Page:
The tax is estimated to raise about $1 trillion in the first decade, which Ryan and other supporters say is needed to help pay for other tax cuts for U.S. businesses and individuals. To be considered under the reconciliation maneuver, which would allow the Senate to bypass the usual 60-vote threshold and pass it with only GOP votes, the tax bill must reduce the deficit or be revenue-neutral. If the plan were introduced as regular legislation, the Democrats in Congress would most likely filibuster and delay its passing. Ryan has informed other Republicans in Congress that if they don’t use border adjustment to raise revenue, they cannot implement their desired tax cuts under reconciliation.

There has been a lot of opposition from companies that currently rely on imported goods and services, like Wal-Mart, Nike, and Toyota Motor Corp. For them, if the bill passes, they will be forced to either raise their prices on the goods they sell or take a cut in their overall profit if they want to continue conducting business like they do. Even billionaire investor Warren Buffett has criticized Ryan’s plan, saying it “would be a big sales tax” and that it would hit “items that are not yachts or anything like that; they’re things that the ordinary person buys.”

National Economic Council director Gary Cohn and Treasury Secretary Steve Mnuchin are opposed to the plan. Cohn and Mnuchin, who, like Bannon, also come from the Goldman Sachs Group, have joined other critics in saying the plan would be disruptive to trade, consumer prices, and global commodity markets.

Mnuchin has gone on record with his opposition, stating that after looking over the proposed plan, he had some concerns. Cohn, the former president and CEO of Goldman Sachs, is currently working on a tax plan for Trump in the White House. He has spoken about his meeting with members of Congress to discuss tax cuts for corporations and individuals, but has yet to address the border adjustment tax directly.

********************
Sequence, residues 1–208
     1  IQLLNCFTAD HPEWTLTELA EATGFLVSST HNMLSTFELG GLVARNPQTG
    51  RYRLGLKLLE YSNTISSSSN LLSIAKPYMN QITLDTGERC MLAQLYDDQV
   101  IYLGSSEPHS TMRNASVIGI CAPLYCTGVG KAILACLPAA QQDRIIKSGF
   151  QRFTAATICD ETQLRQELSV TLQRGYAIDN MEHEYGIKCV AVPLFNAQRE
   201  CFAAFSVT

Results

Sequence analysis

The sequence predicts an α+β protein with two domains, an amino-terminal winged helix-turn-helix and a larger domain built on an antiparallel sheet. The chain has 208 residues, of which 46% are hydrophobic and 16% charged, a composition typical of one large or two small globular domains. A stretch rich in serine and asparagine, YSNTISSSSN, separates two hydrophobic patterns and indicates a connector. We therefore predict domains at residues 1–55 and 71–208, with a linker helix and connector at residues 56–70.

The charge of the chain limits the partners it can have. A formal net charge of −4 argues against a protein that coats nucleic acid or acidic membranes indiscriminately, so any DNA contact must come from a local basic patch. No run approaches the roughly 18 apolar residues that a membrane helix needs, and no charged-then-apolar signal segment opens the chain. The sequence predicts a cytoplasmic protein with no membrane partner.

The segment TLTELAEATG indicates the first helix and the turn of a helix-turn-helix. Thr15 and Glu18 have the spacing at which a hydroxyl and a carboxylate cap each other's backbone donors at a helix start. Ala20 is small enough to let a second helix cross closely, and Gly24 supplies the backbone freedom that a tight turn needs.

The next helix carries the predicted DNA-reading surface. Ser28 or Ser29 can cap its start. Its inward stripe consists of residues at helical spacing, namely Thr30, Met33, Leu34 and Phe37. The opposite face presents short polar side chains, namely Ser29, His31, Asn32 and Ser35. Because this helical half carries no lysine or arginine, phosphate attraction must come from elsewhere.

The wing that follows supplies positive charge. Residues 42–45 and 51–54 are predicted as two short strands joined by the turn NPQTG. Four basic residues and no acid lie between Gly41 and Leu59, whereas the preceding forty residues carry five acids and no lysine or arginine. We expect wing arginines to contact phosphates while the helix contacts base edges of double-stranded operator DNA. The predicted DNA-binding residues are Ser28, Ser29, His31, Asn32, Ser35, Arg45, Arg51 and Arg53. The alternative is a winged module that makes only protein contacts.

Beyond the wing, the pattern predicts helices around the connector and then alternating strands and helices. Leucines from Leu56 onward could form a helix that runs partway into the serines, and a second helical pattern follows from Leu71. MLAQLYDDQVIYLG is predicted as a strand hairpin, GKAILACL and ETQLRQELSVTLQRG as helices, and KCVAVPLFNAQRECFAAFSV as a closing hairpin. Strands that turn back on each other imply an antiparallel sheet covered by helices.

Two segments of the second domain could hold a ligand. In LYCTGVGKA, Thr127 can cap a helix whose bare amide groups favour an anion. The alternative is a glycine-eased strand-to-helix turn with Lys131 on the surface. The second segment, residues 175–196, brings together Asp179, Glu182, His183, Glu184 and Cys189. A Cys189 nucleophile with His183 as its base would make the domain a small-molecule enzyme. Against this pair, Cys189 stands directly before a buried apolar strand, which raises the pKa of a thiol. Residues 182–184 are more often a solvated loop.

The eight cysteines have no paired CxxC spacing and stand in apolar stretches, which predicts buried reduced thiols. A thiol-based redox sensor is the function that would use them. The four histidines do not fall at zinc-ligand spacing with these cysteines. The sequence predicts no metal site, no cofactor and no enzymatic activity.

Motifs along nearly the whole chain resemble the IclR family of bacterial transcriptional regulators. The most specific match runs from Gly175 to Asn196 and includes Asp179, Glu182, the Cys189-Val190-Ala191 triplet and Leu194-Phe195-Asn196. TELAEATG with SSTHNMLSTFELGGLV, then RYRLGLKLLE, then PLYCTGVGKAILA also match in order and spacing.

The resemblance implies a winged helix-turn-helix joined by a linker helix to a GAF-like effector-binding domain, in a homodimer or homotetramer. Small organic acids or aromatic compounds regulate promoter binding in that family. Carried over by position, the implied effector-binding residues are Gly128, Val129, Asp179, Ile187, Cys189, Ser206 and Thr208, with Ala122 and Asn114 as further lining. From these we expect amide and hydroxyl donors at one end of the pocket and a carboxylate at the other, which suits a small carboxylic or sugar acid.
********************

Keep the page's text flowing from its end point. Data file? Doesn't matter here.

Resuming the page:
Ryan has also received criticism from the Koch brothers through Americans For Prosperity, a conservative advocacy group they fund.

Even with the likes of Bannon and other key White House staffers on his side, Ryan knows that it will all be in vain if he can’t convince President Trump to support it. In the beginning, Trump referred to the plan as “too complicated,” but the POTUS has more recently sounded a little more optimistic when discussing the possibility of creating more jobs with the plan.

White House press secretary Sean Spicer said the plan would be beneficial for all Americans. “It’ll actually benefit consumers, benefit workers, and benefit our economy,” Spicer told reporters during a press conference on Feb. 23. “We are probably one of only a handful of developed countries that don’t have a tax system that looks at this.”

Press secretary Sean Spicer addresses the press on February 23. He says the White House feels Ryan's plan would be beneficial for all Americans.

Ryan seems ready to take on any resistance during to the biggest tax overhaul in over 30 years. He has hinted at the expected drama by saying the process is “going to be up, it’s going to be down, it’s going to be on, it’s going to be off.”

By recruiting Steve Bannon, and possibly President Trump as well, to his team of supporters, the speaker may not have such a hard time pushing his plan through.